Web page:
{\rtf1\ansi\ansicpg1252 {\fonttbl\f0\fnil\fcharset0 ArialMT;} {\colortbl;\red255\green255\blue255;\red51\green51\blue51;\red255\green255\blue255;} \deftab720 \pard\pardeftab720\partightenfactor0 \f0\fs26 \cf2 \cb3 \expnd0\expndtw0\kerning0 \outl0\strokewidth0 \strokec2 }
Connect
To Top

The Perfect in English Grammar

Perfects are words that express the perfect aspect including the perfect-progressive aspect. Perfects function within verb phrases functioning as predicates. Only one grammatical form can perform the function of perfect in English. The one grammatical form that can function as the perfect is the verb. Only the verb have, sometimes referred to as the perfect have, can function as a perfect.

The conjugations of the verb have are as follows:

Base Simple Present Simple Past Present Participle Past Participle
have have, has had having had

 

Active Present Perfect

The first use of the perfect have is within active present perfect constructions. The present perfect expresses and emphasizes a previous action or state that began in the past and continued up to the present and whose consequences have implications for the present. For example:

  • My aunt has written me a letter.
  • The visitors have arrived at the train station.
  • I have purchased some more diapers.
  • Rabbits have destroyed my garden.

Active Past Perfect

The second use of the perfect have is within active past perfect constructions. The past perfect expresses and emphasizes a previous action or state that began in the past and continued up to another point in the past and whose consequences have implications for that second point in time. For example:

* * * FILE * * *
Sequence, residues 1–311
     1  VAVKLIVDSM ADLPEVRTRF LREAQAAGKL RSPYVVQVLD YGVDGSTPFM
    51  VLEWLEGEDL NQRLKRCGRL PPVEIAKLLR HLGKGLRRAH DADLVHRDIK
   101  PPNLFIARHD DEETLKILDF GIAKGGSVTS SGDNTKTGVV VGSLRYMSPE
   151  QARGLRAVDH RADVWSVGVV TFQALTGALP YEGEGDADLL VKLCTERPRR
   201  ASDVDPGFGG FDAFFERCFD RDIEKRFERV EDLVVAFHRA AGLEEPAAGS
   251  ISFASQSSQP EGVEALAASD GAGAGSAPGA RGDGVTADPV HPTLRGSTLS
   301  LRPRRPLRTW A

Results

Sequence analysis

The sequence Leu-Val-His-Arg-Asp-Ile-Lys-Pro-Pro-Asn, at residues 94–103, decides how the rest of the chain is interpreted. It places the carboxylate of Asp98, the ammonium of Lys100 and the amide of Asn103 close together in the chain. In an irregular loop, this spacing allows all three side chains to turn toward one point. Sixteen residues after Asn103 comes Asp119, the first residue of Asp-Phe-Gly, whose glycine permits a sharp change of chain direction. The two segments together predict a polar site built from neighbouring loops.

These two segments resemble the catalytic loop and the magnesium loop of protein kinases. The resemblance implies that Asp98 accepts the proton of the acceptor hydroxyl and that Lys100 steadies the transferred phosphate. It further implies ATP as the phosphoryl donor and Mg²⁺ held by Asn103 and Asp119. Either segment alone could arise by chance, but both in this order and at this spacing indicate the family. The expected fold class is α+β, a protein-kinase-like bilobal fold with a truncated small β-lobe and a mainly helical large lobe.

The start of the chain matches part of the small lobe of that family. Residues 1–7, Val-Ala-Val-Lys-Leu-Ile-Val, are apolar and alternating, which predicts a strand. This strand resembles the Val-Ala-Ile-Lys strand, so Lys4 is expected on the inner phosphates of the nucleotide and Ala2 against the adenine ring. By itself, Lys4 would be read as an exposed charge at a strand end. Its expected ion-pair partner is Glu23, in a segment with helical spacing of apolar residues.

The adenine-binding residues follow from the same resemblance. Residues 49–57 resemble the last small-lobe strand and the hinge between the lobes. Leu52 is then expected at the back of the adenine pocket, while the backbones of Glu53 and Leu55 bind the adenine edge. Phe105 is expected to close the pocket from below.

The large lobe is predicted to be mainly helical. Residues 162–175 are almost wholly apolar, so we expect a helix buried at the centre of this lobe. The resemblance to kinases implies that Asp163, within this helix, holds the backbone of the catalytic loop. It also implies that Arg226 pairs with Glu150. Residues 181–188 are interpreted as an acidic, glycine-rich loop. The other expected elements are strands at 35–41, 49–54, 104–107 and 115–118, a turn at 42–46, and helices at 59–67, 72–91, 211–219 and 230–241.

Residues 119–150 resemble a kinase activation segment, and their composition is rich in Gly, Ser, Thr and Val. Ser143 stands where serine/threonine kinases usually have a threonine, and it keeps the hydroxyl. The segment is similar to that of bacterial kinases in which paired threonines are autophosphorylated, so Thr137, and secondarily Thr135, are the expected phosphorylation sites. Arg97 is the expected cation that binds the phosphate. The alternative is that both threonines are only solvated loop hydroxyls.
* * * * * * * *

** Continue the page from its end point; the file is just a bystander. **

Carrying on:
• She had just jumped in the shower when the doorbell rang.
  • Had you studied verbs before this class?
  • He had ironed his clothing before getting dressed.
  • Because we had not booked in advance, we were unable to find a hotel room.

Active Present Perfect-Progressive

The third use of the perfect have is within active present perfect-progressive constructions. The present perfect-progressive expresses and emphasizes the consequences resulting from a previous but incomplete action or state that began in the past and continues into the present but may or may not continue into the future. For example:

  • She has been baking all morning.
  • What have you been doing all day?
  • We have been waiting here for hours!
  • I have been experiencing pain in my side.

Active Past Perfect-Progressive

The fourth use of the perfect have is within active past perfect-progressive constructions. The past perfect progressive expresses and emphasizes the consequences resulting from a previous incomplete or ongoing action or state that began in the past and continues up to a specific time. For example:

  • The teacher had been speaking when a student interrupted him.
  • Many animals had been dying until drastic measures were taken.
  • We had been sleeping when the train crashed.
  • He had been contributing to the project.

Passive Present Perfect

The fifth use of the perfect have is within passive present perfect constructions. The present perfect passive expresses and emphasizes previous actions with present implications that began in the past and continued up to the present while moving an object from an active sentence into the subject position. For example:

  • All the cookies have been eaten.
  • My homework has been turned in already.
  • Language has been studied for many years.
  • My toes have been broken many times.

Passive Past Perfect

The sixth use of the perfect have is within passive past perfect constructions. The past perfect passive expresses previous actions or states with additional past implications that began in the past and continued up to another specific point in the past while moving an object from an active sentence into the subject position. For example:

  • The vase had just been knocked down when the earthquake happened.
  • Had verbs been studied before this class?
  • The tub had been cleaned before the sink.
  • Because a room had not been booked in advance, we were unable to find a hotel.